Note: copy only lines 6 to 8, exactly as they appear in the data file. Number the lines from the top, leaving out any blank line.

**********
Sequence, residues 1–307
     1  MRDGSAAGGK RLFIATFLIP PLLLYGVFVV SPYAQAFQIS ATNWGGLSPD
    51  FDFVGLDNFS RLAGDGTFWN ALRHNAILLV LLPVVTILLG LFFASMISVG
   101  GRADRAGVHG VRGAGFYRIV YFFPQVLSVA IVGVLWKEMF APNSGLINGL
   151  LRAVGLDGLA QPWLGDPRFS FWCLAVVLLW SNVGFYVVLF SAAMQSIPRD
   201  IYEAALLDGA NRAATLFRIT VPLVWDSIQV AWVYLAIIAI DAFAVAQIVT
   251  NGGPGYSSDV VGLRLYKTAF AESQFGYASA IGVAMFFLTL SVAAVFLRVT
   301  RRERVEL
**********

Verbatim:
   201  IYEAALLDGA NRAATLFRIT VPLVWDSIQV AWVYLAIIAI DAFAVAQIVT
   251  NGGPGYSSDV VGLRLYKTAF AESQFGYASA IGVAMFFLTL SVAAVFLRVT
   301  RRERVEL